The first dose of MMR should be routinely administered when the infant is 12 to 15 months of age. A single dose of MMR vaccine induces antibody formation to all three viruses in at least 95% of susceptibles vaccinated at 12 months of age or older. A second dose is expected to induce immunity in most vaccinees who do not respond to the first dose. The second dose should be separated from the first dose by a minimum of 28 days.
MMR may be administered simultaneously (but in a different site) with any other live or inactivated vaccine. Inactivated vaccines and typhoid vaccines may be administered at any time before or after live measles-containing vaccine. However, if MMR vaccine and live yellow fever vaccine are not administered simultaneously, they should be separated by an interval of at least 28 days.
Fever and rash are the most common adverse reactions following MMR vaccine, and are usually attributable to the measles component. About 5% of vaccinees develop fever >39.4° Celsius (>103° Fahrenheit) or a generalized rash. Fever and rash usually occur 7 to 12 days following vaccination and last for 1 or 2 days. Transient lymphadenopathy sometimes occurs following MMR and is attributable to the rubella component. Parotitis has been reported rarely following MMR and is attributable to the mumps component of the vaccine. Joint symptoms (arthralgia or arthritis, or both) are reported in up to 25% of rubella-susceptible postpubertal women who receive MMR or other rubella-containing vaccine. Joint symptoms are usually mild and transient. Allergic reactions have been reported following MMR vaccine, and range from mild (urticaria or wheal and flare at the injection site,ic reactions are estimated to occur less than once per million doses. Clinically apparent low platelet counts have been reported at a rate of less than 1 case per 30,000 doses. Central nervous system conditions, including aseptic meningitis, encephalitis, and encephalopathy, have been reported following MMR, but are very uncommon (less than one case per million doses).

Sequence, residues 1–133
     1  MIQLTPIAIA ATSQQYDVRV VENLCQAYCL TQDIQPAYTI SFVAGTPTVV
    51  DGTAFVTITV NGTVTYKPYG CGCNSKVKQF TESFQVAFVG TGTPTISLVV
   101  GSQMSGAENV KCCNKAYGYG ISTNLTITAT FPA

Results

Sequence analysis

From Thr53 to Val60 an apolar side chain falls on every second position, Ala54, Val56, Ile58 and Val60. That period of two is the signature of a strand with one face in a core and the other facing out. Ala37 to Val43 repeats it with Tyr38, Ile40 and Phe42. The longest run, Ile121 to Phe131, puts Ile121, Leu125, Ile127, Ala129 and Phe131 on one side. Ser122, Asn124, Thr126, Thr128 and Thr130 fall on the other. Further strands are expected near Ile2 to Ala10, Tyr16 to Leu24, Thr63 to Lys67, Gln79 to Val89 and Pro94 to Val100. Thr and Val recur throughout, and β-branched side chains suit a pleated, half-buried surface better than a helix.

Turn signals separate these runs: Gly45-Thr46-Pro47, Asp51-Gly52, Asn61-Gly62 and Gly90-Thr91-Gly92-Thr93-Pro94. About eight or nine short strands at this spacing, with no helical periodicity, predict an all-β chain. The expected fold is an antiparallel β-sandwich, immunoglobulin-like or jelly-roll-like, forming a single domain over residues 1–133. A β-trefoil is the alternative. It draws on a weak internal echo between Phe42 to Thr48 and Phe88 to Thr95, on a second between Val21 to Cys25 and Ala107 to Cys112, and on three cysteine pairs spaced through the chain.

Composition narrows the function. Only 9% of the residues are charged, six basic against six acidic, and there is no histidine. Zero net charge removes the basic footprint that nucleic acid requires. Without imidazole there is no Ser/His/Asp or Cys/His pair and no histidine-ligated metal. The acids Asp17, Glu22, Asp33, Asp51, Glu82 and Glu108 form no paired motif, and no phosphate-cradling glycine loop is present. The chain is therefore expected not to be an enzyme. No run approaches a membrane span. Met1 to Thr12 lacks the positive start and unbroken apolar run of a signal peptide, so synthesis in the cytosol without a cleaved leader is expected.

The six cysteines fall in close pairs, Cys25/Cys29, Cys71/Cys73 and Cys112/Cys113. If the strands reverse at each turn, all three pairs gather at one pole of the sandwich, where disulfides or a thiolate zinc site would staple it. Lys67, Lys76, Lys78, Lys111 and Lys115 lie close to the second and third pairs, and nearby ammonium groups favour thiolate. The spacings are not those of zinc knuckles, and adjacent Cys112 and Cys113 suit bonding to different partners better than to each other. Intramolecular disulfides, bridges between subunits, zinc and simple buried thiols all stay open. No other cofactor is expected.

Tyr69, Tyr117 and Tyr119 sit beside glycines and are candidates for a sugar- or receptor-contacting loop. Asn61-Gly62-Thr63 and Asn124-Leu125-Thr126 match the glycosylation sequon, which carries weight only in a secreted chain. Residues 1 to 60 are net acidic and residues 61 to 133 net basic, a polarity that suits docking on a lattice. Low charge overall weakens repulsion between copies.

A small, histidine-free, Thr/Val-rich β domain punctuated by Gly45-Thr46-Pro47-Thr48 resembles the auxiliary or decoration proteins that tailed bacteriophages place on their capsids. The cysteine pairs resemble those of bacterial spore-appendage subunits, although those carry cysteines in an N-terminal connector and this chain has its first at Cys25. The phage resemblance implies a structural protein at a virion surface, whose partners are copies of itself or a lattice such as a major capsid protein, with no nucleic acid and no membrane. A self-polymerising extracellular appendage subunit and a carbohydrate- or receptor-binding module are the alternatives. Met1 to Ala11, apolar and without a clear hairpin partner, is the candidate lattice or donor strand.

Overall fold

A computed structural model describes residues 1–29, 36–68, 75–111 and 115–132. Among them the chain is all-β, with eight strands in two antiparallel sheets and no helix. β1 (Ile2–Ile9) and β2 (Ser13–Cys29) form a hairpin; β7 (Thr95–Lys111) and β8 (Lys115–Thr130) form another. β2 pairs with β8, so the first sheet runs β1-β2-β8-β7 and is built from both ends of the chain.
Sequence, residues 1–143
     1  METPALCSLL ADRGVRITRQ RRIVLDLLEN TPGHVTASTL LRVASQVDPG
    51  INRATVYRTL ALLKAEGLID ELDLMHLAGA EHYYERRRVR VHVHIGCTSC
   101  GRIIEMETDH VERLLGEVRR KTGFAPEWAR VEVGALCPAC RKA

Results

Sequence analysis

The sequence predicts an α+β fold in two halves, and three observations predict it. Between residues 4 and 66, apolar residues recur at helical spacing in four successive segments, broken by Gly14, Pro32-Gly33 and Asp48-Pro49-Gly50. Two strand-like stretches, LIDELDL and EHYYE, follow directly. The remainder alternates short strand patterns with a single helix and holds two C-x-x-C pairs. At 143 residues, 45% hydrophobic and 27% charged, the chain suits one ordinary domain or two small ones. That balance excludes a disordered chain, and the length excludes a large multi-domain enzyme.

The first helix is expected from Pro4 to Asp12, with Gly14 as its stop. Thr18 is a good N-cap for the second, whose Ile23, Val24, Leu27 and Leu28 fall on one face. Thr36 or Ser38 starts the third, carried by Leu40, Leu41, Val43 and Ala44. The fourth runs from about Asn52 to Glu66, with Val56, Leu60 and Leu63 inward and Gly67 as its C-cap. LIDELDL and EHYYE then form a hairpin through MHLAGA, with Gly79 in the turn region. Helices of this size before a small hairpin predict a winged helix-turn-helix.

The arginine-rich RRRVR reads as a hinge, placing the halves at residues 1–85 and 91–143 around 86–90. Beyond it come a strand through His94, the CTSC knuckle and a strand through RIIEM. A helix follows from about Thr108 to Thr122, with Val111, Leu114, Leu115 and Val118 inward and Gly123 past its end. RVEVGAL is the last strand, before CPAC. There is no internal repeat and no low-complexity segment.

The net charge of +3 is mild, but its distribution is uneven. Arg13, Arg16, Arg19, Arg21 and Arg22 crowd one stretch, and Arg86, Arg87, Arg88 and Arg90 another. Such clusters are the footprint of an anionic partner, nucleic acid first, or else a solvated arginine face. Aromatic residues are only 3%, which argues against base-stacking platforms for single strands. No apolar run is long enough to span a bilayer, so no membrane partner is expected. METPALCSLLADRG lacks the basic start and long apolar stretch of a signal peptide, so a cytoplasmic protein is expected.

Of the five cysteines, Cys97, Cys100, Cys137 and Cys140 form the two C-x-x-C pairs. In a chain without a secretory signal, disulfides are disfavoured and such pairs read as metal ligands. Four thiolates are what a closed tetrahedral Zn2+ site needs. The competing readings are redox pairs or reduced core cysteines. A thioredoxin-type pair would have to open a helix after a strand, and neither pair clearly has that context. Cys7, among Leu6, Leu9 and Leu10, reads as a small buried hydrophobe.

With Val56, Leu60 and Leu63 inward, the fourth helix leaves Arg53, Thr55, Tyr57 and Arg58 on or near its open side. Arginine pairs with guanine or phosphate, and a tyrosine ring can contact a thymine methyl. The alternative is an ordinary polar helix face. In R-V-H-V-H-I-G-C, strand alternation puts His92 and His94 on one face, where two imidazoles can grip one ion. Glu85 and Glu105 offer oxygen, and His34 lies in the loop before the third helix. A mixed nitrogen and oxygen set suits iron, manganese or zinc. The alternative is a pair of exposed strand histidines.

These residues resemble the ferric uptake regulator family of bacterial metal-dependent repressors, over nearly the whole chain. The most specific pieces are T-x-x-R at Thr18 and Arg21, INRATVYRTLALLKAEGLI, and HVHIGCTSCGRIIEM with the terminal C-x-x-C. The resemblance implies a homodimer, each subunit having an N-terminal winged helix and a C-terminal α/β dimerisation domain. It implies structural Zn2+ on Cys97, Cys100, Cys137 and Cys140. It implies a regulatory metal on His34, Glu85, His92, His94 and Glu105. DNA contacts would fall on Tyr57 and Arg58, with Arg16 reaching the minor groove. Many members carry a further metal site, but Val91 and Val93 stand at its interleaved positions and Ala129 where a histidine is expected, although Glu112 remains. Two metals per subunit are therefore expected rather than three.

Adverse reactions occur only in susceptible vaccinees and do not appear to be age related. Reactions following the second dose of MMR (except allergic reactions) occur only among the small proportion of people who do not respond to the first dose.